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RE: Ceratops analyzed in the Sampson et al. (2010) matrix
Tim Williams wrote-
> > Well, it found Torosaurus and Triceratops (and Nedoceratops) to be
> > sister taxa. They were entered as separate OTUs, so their distinction
> > was assumed by the authors. But being sister taxa in the cladogram is
> > just as congruent with the hypothesis they're synonymous.
> What's the bootstrap support? Unless it's high, then you effectively have a
Doesn't matter. Even if the cladogram had a polytomy between Triceratops,
Torosaurus and their sister taxon (e.g. Eotriceratops), that's still congruent
with the former two being synonymous. There has to be support against
Triceratops and Torosaurus forming a unique clade for there to be support
against their synonymy.
> > At worst,
> > this could make Utahceratops a junior synonym of Ceratops.
> Never gonna happen.
Only because of cultural reasons. Scientifically, since there's no objective
definition of genus, any sister species could be placed in the same genus.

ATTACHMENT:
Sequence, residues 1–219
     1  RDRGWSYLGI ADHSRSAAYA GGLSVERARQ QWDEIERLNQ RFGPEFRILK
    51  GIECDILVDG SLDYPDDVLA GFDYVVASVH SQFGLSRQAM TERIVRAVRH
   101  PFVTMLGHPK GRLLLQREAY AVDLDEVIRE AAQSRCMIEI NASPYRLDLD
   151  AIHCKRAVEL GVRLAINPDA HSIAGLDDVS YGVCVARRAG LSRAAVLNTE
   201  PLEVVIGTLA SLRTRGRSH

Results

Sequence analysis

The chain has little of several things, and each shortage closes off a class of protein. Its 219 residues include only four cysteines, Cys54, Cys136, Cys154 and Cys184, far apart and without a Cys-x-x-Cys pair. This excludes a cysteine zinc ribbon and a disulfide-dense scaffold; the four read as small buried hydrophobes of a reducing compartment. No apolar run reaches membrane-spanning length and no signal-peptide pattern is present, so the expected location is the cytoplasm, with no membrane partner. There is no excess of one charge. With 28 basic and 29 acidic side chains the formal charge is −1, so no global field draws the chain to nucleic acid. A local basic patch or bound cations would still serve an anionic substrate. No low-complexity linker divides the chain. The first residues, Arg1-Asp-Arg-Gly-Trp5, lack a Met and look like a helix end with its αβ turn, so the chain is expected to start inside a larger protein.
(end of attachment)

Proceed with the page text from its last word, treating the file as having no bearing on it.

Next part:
> > As for Eoceratops, Longrich notes the long brow horns and hooked
> > squamosal distinguish it from Chasmosaurus, but he doesn't say anything
> > about comparison to Agujaceratops or other long-horned ceratopsines.
> > Just because a specimen is juvenile is not a reason to ignore it as a
> > holotype.
> Given the poor track record of ceratopsians that have immature specimens as
> their holotypes (_Brachyceratops_, _Monoclonius_), then I think we have
> strong grounds to regard _Eoceratops_ as a nomen dubium.
> Just to be clear... I'm not arguing that ALL genera based on
> juvenile/immature specimens should be dismissed as nomina dubia. Otherwise
> _Apatosaurus_ would be sunk in favor of _Brontosaurus_. Hmmm... now there's
> an idea. ;-)
I think each case should be examined separately. Brachyceratops (which is
Rubeosaurus based on stratigraphy if nothing else) may be equally consistant
with being a juvenile Rubeosaurus or Achelousaurus, but it does not follow that
Eoceratops is equally consistant with being a juvenile Mojoceratops or
Agujaceratops. Taxa don't all share the same ontogenetic timing for the
development of diagnostic characters.